Skipping past the frog jokes, the EXP was a sporty alternative to and variant of Ford’s own compact Escort that went on sale in April of 1981, as a 1982 model. Its body was longer and lower, yet still shared a majority of Escort’s running gear. EXP was also more expensive than the Escort but came with more standard equipment.
Considering it was powered by the same 70 horsepower, 1.6-liter inline-four that was used in the Escort, and weighed roughly 200 pounds more, performance wasn’t a strong selling point. However, by March of 1982, an 80 horsepower optional engine was offered and, in 1984, an optional 8 psi turbo pushed horsepower up to 120.
It was commonly assumed that “EXP” stood for “experimental” or “express” but it was apparently an acronym. According to reports from the period, the “E” stood for Erika (the code-name from the European Escort), “X” for project (X being Ford’s letter designation for project cars), and “P” for Personal car. Essentially, EXP meant Escort project personal car.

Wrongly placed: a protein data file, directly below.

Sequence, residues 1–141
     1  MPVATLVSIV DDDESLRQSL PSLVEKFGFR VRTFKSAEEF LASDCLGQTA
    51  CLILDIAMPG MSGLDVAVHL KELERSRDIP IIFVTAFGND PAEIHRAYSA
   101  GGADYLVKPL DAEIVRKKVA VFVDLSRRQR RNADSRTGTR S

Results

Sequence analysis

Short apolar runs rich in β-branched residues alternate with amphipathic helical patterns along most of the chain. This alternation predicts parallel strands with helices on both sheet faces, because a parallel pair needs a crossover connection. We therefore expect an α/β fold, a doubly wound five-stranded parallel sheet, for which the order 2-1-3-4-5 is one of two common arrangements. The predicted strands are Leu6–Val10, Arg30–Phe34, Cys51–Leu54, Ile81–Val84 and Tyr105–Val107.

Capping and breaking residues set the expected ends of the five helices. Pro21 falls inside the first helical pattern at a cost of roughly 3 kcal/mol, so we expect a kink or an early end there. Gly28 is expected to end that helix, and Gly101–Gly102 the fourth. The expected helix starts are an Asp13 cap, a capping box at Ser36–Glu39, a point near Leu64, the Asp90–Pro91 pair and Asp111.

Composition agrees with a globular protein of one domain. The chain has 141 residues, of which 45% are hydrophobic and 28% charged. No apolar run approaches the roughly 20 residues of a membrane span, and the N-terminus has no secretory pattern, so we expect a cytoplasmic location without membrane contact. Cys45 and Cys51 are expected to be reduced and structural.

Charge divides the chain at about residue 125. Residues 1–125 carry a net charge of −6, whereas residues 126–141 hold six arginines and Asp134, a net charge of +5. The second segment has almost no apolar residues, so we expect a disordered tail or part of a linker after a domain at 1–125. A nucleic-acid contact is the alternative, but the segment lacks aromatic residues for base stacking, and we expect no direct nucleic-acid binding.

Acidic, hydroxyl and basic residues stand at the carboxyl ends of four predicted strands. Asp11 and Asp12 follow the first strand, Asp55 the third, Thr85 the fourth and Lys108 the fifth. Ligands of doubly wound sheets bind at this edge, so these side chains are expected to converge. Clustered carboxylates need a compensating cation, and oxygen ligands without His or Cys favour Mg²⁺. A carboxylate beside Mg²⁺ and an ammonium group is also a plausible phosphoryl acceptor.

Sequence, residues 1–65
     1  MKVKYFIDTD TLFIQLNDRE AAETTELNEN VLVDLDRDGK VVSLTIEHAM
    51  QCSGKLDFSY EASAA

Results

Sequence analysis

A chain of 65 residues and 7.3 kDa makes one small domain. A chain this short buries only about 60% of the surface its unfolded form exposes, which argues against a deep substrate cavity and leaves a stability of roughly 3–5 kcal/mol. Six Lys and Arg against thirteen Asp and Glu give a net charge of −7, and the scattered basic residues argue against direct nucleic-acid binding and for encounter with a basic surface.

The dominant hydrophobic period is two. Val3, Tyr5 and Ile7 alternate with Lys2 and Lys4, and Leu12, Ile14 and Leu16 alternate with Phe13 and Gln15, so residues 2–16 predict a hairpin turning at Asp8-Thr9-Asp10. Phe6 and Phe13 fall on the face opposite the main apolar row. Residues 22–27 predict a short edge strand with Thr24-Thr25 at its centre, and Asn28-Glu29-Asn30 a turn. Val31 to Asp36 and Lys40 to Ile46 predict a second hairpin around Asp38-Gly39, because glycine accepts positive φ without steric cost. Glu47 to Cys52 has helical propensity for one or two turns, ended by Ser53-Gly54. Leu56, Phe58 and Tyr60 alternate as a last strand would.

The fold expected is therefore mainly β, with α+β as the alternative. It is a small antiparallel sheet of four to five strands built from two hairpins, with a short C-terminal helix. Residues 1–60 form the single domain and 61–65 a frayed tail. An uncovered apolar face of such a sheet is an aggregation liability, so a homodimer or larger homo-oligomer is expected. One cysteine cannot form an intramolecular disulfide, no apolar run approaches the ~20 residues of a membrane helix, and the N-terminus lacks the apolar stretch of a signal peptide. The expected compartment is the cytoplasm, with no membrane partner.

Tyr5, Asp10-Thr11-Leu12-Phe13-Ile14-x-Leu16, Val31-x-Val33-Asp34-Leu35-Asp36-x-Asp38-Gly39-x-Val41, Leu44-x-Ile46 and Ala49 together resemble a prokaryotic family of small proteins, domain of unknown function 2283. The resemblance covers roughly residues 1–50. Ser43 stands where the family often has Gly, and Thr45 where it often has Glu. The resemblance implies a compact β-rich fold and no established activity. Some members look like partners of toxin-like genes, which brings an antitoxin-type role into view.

Probably best known as a two-seater — Ford’s first in a quarter-century — the EXP was actually available with rear seats, as well (though, anecdotally, they were largely uninhabitable).
At the tail end of the car, hints of Escort remained but notchback styling helped set it apart. It also set the stage for the revamped 1983 Thunderbird.
Not all EXPs had the notchback styling. In fact, there was a version that only served up the “bubble” glass; however, it was a Mercury and called the LN7. Keep in mind Mercury had the Lynx, a virtual clone of the Escort, so the LN7 was a natural.
Up front, Mercury stayed the course with Ford’s caffeine-overload expression, however, multiplied the slots in the grille by a factor of five, for a total of ten.
The LN7 was an even greater sales disappointment than Ford’s EXP and was dropped after 1983. Incidentally, the EXP had also been officially discontinued after 1985, without a second generation planned.
However, as I’ve read the tale, a group of EXP workers quickly put together a refresh using parts from the updated Escort (including its flush headlamps) and showed it to the powers at Ford. It got the green light and we got a roughly-second generation of EXP that debuted in the middle of 1985.
It was an excellent update but still struggled for sales amid an ever-increasing field of competition and changing market. Though the second generation gave the model a stay of execution for a few years, it was ultimately phased out in favor of new models, like the Probe.